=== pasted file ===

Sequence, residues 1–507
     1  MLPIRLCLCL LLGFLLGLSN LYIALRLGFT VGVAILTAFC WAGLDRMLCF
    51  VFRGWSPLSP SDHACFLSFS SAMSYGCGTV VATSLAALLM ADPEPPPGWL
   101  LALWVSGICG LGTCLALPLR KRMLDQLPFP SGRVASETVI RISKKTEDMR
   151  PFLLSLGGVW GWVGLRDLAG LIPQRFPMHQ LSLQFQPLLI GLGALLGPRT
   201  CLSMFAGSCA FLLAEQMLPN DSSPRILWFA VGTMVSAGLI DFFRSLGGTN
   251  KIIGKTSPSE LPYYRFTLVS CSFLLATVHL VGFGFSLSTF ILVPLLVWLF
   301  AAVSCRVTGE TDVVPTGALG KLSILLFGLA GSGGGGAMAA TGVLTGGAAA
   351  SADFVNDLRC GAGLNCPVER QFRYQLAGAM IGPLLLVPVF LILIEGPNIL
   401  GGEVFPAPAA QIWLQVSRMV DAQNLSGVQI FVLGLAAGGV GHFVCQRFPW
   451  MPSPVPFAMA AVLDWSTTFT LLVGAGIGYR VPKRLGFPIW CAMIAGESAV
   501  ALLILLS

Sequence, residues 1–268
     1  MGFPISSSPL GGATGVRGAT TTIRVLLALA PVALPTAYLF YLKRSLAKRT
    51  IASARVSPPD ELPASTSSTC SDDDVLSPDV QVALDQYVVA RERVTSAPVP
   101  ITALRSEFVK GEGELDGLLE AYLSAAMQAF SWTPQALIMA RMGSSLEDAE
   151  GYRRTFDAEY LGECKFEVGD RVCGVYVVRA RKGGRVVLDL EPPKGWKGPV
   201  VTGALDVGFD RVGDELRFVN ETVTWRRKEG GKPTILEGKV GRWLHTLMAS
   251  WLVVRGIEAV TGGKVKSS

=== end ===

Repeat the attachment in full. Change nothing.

Sequence, residues 1–507
     1  MLPIRLCLCL LLGFLLGLSN LYIALRLGFT VGVAILTAFC WAGLDRMLCF
    51  VFRGWSPLSP SDHACFLSFS SAMSYGCGTV VATSLAALLM ADPEPPPGWL
   101  LALWVSGICG LGTCLALPLR KRMLDQLPFP SGRVASETVI RISKKTEDMR
   151  PFLLSLGGVW GWVGLRDLAG LIPQRFPMHQ LSLQFQPLLI GLGALLGPRT
   201  CLSMFAGSCA FLLAEQMLPN DSSPRILWFA VGTMVSAGLI DFFRSLGGTN
   251  KIIGKTSPSE LPYYRFTLVS CSFLLATVHL VGFGFSLSTF ILVPLLVWLF
   301  AAVSCRVTGE TDVVPTGALG KLSILLFGLA GSGGGGAMAA TGVLTGGAAA
   351  SADFVNDLRC GAGLNCPVER QFRYQLAGAM IGPLLLVPVF LILIEGPNIL
   401  GGEVFPAPAA QIWLQVSRMV DAQNLSGVQI FVLGLAAGGV GHFVCQRFPW
   451  MPSPVPFAMA AVLDWSTTFT LLVGAGIGYR VPKRLGFPIW CAMIAGESAV
   501  ALLILLS

Sequence, residues 1–268
     1  MGFPISSSPL GGATGVRGAT TTIRVLLALA PVALPTAYLF YLKRSLAKRT
    51  IASARVSPPD ELPASTSSTC SDDDVLSPDV QVALDQYVVA RERVTSAPVP
   101  ITALRSEFVK GEGELDGLLE AYLSAAMQAF SWTPQALIMA RMGSSLEDAE
   151  GYRRTFDAEY LGECKFEVGD RVCGVYVVRA RKGGRVVLDL EPPKGWKGPV
   201  VTGALDVGFD RVGDELRFVN ETVTWRRKEG GKPTILEGKV GRWLHTLMAS
   251  WLVVRGIEAV TGGKVKSS